‘Til Death Do Us Plan

Mary and Dave Swan were happily married and looking forward to retirement. They had saved diligently and when Dave was offered a package to retire early, they were in great shape to be able to accept. Dave left his company, and he and Mary started enjoying their new life, being more active, spending time with friends and family, and planning an extended trip to experience a different culture.

Before they could leave Dave was diagnosed with a serious medical problem and passed away a short time later.

What Mary did not realize is that her troubles were only beginning.

As she began working settling the affairs of her late husband, she discovered that in addition to losing her life partner, her income was set to drop significantly. Gone were most of Dave’s government retirement benefits, as was a significant portion of Dave’s pension from work, and now that Mary can no longer income split, her taxes were set to rise!  Mary was suddenly together with other widows who report a 40% drop in average income 5 years after losing their spouse.  With hindsight, there were some things Mary wished they had done differently.

Like many people, once they retired, Mary and Dave decided they didn’t need any life insurance.  They had paid off their mortgage, the kids were grown, and quite frankly, they didn’t want the expense of the premiums now that they were on a retirement income.  What they failed to consider was the need to replace lost income for a survivor should one of them pass early on in their retirement years.   A loss of up to $20,000 per year in government benefits, a 40% drop in pension income for a survivor, and now higher income tax bills, are a significant hurdle to overcome.   Keeping some life insurance to replace income “just in case” can make a significant difference in a survivor’s ability to maintain their lifestyle for their lifetime.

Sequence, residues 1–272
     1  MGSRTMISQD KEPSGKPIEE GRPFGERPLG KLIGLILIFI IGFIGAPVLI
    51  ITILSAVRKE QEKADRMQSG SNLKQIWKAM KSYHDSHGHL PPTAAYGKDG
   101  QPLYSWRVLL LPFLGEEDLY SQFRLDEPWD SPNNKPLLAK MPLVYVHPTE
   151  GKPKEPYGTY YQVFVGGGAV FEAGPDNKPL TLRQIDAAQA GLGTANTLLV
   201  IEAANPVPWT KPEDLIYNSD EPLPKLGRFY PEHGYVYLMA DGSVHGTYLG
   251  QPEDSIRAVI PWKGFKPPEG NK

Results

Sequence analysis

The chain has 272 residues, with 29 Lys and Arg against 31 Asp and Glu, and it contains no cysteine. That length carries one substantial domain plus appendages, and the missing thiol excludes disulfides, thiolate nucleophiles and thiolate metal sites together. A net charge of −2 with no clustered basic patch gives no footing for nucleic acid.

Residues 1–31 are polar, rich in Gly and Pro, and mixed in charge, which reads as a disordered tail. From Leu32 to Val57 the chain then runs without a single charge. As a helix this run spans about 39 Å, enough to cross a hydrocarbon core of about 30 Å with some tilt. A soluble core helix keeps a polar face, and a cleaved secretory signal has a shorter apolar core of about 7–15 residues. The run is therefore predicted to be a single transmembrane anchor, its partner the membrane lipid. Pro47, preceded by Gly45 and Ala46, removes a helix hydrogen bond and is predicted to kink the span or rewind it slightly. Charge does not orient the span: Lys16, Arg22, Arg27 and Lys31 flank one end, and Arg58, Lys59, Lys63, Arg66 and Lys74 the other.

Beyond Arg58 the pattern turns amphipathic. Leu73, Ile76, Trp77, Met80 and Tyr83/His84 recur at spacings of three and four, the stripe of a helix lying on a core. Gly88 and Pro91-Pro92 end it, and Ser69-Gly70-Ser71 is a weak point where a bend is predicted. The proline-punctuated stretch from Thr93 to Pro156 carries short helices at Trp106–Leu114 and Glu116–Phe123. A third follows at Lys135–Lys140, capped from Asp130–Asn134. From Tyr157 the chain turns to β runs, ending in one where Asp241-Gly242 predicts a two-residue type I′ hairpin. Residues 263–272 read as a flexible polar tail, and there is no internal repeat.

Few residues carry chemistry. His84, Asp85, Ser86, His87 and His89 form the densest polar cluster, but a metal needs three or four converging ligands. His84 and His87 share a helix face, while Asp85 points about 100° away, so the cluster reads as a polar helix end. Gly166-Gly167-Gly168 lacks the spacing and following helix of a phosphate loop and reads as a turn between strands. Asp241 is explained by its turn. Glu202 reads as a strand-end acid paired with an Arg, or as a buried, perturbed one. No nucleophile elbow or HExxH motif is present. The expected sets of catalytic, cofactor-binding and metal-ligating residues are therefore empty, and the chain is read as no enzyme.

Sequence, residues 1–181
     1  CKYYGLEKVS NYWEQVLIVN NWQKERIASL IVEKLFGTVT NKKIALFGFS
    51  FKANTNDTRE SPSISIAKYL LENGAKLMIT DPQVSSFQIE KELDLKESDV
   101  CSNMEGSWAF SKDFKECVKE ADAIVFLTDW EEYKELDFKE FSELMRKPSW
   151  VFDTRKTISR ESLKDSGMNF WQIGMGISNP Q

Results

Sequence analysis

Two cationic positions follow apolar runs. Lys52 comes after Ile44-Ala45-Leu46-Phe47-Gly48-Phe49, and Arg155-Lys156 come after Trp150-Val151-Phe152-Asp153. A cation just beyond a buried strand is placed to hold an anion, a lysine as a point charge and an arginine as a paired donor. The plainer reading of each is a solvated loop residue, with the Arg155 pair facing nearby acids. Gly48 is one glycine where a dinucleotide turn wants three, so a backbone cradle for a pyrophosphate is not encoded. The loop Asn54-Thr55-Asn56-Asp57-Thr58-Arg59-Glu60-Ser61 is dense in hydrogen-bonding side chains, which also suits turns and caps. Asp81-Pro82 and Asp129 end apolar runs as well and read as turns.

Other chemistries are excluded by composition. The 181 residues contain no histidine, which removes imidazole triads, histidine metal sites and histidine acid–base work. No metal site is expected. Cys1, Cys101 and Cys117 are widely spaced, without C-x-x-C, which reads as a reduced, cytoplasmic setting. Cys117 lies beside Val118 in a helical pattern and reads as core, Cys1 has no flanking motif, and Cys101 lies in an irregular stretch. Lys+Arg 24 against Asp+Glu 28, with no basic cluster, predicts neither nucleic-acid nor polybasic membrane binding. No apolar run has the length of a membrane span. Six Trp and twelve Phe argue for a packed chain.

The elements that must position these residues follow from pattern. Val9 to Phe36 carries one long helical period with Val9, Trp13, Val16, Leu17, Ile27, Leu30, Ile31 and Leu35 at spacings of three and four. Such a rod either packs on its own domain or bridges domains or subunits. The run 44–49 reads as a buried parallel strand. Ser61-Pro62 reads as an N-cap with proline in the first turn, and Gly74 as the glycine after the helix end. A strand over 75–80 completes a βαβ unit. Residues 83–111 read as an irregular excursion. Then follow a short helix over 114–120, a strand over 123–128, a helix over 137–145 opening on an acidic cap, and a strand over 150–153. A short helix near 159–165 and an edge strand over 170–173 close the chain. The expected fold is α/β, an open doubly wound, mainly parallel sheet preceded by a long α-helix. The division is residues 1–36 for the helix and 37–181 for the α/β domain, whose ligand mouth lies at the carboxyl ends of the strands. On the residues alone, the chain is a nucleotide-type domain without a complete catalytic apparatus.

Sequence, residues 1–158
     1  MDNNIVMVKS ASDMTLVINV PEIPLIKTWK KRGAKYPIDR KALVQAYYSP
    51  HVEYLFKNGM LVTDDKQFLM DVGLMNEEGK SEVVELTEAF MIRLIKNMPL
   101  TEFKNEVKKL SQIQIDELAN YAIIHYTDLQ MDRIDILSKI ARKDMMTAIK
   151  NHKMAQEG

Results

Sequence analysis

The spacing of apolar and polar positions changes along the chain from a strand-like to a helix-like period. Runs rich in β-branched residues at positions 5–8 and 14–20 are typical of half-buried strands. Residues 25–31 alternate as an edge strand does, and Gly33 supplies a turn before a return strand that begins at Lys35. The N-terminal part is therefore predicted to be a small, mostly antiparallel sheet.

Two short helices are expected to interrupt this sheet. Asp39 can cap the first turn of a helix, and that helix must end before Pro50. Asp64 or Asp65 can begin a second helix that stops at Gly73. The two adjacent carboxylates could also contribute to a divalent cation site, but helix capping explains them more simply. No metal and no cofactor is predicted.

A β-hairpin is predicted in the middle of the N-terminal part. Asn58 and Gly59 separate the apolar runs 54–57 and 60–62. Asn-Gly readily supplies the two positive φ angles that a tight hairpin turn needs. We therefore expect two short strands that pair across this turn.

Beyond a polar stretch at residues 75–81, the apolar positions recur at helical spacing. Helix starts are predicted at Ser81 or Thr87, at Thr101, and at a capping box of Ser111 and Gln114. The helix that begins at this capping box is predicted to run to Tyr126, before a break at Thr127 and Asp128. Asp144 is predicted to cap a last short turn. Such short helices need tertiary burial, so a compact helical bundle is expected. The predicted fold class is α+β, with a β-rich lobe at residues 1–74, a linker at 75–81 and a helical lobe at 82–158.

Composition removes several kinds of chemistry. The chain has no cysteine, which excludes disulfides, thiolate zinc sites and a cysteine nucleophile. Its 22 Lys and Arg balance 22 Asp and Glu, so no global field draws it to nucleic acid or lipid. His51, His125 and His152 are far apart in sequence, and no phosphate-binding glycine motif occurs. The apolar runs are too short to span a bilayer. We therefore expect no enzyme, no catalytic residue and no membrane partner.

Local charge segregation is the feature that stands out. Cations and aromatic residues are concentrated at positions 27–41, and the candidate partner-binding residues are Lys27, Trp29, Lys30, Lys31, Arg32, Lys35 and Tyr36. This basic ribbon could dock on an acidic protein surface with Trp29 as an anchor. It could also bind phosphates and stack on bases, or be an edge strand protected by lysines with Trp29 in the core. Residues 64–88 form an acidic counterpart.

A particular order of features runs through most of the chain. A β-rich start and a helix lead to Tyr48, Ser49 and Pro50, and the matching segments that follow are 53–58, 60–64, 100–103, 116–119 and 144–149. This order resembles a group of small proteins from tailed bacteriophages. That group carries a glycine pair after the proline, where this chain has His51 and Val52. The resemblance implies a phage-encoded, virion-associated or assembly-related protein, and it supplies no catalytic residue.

If there was just one thing that Mary and Dave did before they retired that would have potentially identified the need to keep some of their life insurance, it would have been to Plan Single.  While we always want to plan together, good financial planning strives to find the best outcomes once the biggest risks are considered.  For couples making the retirement decision, a “big risk” is what if we don’t both live to 95, or 100?  What if two, is now suddenly one?

Decisions about whether or not to keep some life insurance, when to retire, when to start receiving government retirement income benefits, how much to withdraw from different accounts to generate income,  or what income sources to use and when, can all be impacted when you run the Plan Single scenario.  Central to the Plan Single philosophy is to look at it both ways.  Plan together, for that is the vision for your future and that is what you have been working so hard to achieve.  But good financial planning strives to find the best outcomes once the biggest risks are considered. Some of those risks are market volatility, disability, divorce, and death.

As you make plans with your partner you will talk about what you most want to do, when you can do it, and how you will afford it. Then think about what could change financially if one of those big risks materializes. How do you incorporate those scenarios into your plan to create the best outcomes? Maybe it means taking a trip a little sooner, or stress testing benefits elections to see if anything significant changes with the change in circumstances. Or possibly, as in Mary’s case, perhaps an insurance review is in order.

We all dream about a wonderful future with our partner. Plan Single reminds us to enjoy today, but make sure to take care of ourselves and our loved ones if one of life’s challenges happens along the way.

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